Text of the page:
Calbike is asking the state Air Resources Board to extend their Clean Vehicle Rebate Program to cover up to half the cost of a bicycle, since bikes are cleaner than the greenest car.

The father and son team of Darryl and Bryce Headrick were officially charged with felony aggravated assault on a peace officer on Tuesday, after allegedly attacking a cop who tried to stop Headrick the Younger on suspicion of biking under the influence last week.

Another case of a hit-and-run driver running down a jogger in a bike lane, this time in San Diego. And this time, with her 3-year old daughter in the car; she also hit two parked cars for good measure.

Duel doctorates in aeronautics and astronautics, cyclocross racer and a top 20 finisher in the collegiate national road cycling championships. Not a bad resume for this San Benito County woman.

A UC Berkeley student says common sense on the part of drivers and pedestrians can help prevent collisions with cyclists. Common sense on the part of bike riders can go a long way, too.



The Verge looks at Portland’s new bikeshare program, financed with $10 million from Nike.

A Seattle man bought a bike off a man carrying bolt cutters for $20, assuming it was stolen. Then put an ad on Craigslist offering to return it to the owner for free.

Iowa moves forward with a bill that would require drivers to change lanes to pass a bike rider.

Nice piece from NBC Sports on a Minnesota pro cyclist who gave up his career so his Olympic triathlete wife could be the best in the world at hers.

Yet another case of a car being used as a weapon, as a Massachusetts man faces charges for intentionally running down a 15-year old bike rider before fleeing the scene. Maybe we should require background checks and waiting periods before being allowed to buy a car.

Many LA cyclists stay home when the temperature dips below 70 degrees; these Pittsburgh bike messengers ride with a chill factor of 11 below.

Philadelphia plans to build 30 miles of protected bike lanes by 2021, while my platinum-level bike friendly hometown intends to join them by building protected lanes on most arterials streets.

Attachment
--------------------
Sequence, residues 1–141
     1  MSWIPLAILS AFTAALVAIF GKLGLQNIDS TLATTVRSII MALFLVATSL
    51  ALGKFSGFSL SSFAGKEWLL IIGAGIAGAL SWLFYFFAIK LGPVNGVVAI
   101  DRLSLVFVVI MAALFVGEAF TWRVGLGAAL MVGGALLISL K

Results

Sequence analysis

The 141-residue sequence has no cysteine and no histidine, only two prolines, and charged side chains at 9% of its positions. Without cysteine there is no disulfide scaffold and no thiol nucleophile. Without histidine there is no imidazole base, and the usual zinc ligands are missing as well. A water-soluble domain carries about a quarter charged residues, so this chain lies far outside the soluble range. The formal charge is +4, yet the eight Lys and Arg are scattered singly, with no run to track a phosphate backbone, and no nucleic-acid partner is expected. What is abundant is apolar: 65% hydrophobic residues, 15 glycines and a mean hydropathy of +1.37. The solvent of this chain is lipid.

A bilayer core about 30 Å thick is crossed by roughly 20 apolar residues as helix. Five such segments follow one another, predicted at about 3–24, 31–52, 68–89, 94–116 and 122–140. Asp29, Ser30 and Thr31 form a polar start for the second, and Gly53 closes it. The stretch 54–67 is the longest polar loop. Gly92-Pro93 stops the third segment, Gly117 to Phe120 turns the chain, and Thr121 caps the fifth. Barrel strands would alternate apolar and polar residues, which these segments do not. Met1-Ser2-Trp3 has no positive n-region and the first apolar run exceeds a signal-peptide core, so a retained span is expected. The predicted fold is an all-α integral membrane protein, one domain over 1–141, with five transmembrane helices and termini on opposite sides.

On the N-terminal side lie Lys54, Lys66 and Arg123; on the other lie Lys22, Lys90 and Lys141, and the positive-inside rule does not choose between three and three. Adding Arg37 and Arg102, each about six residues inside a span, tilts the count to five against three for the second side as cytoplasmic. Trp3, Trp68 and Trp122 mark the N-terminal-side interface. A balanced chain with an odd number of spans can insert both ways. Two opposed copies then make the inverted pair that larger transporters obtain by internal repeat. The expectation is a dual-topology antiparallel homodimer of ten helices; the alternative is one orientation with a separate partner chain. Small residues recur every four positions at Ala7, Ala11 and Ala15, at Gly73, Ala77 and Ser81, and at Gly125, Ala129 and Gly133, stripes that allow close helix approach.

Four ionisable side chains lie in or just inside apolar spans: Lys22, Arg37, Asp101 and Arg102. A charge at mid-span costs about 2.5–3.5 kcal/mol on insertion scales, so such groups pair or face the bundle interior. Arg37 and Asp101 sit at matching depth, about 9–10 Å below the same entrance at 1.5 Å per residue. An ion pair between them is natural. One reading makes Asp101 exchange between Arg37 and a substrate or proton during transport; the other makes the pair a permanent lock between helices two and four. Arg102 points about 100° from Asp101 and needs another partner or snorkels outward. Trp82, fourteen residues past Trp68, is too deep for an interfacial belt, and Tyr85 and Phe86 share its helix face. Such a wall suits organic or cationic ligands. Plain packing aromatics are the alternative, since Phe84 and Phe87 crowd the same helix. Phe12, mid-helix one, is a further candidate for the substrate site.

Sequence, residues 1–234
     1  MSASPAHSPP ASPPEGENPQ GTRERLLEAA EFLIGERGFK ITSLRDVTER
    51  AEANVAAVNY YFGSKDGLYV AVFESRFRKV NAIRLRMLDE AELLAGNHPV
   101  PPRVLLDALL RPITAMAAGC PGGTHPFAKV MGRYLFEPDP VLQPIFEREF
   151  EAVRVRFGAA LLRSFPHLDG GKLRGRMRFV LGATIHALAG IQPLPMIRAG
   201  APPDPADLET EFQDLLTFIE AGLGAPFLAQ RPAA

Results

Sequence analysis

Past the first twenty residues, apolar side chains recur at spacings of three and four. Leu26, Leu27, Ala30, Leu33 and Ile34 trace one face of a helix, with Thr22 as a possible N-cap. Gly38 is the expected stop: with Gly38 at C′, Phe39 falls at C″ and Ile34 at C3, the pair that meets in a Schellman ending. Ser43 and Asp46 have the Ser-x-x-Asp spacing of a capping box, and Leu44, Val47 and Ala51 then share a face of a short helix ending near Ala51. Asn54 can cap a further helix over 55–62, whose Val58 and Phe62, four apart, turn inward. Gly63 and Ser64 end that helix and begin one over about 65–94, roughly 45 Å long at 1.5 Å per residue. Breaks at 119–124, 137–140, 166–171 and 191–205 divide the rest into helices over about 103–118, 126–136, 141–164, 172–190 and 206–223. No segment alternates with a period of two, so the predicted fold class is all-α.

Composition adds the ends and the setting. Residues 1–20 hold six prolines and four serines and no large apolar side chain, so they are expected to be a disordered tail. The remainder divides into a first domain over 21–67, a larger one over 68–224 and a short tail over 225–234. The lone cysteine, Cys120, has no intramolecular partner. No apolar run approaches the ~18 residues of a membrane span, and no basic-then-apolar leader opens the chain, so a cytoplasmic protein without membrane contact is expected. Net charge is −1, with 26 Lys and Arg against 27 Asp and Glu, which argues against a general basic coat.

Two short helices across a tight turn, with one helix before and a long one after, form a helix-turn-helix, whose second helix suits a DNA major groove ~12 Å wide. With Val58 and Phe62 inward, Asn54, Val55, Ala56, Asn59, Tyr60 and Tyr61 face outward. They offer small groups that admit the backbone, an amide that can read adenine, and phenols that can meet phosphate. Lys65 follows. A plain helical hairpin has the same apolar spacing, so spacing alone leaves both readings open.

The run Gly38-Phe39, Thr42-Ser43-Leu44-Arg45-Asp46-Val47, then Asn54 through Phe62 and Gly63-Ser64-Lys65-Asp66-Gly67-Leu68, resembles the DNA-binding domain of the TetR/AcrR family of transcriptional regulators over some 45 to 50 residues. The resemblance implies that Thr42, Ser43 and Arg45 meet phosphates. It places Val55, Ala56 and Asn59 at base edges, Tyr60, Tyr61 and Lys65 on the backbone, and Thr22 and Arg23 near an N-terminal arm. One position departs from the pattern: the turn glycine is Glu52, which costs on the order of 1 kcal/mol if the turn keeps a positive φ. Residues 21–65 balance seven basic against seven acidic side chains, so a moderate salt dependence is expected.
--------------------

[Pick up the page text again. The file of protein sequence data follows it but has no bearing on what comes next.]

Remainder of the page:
The parents of a Delaware student who was knocked down by a bike rider has sued the university for failing to ban bikes from sidewalks; the victim is still in a coma four months later.

Virginia legislators kill a bill that would have required children under 18 to wear a helmet when riding a bike. Meanwhile, this is what it looks like when a driver violates Virginia’s three-foot passing law.



An Alaska man would have finished third in the 1,000 mile Yukon Quest sled dog race if he had been mushing instead of riding a bike. Even though he was nearly deported by Canadian border officials for not having the right paperwork.

A 12-year old British boy will be “strongly advised” in front of his parents after police catch him riding his bike anticlockwise on a busy freeway.



Nothing like taking your songbirds out for a bike ride. The next Tesla driver who runs you off the road may be more pint sized than usual.

And if you can’t afford a railroad ticket, just build your own one-seat pedal-powered train.



  1. Calbike is asking the state Air Resources Board to extend their Clean Vehicle Rebate Program to cover up to half the cost of a bicycle…

    Unfortunately, the petition just proposes rebates for “…cargo bikes, electric bikes, folding bikes, bike share, and other utilitarian bicycles used for everyday transportation.”

    This shortchanges the many bicylist (like myself) who use other types of bikes for everyday transportation. For example, I ride my road bike to doctor appointments, the grocery store and my office. My wife and I ride our tandem in much the same way. We’re just as “green” as other bicyclists, but the type of bike we ride would not be covered.

    In addition to discouraging bicyclist like my wife and me, the restrictions make the proposed rebate program more complicated. Instead, the rebate should cover BICYCLES, not specific types of bikes.

  2. John Lloyd says:

    Excellent post, as usual, Ted. Just one correction: the Las Tunas redesign was voted down by the Temple City city council, not Rosemead.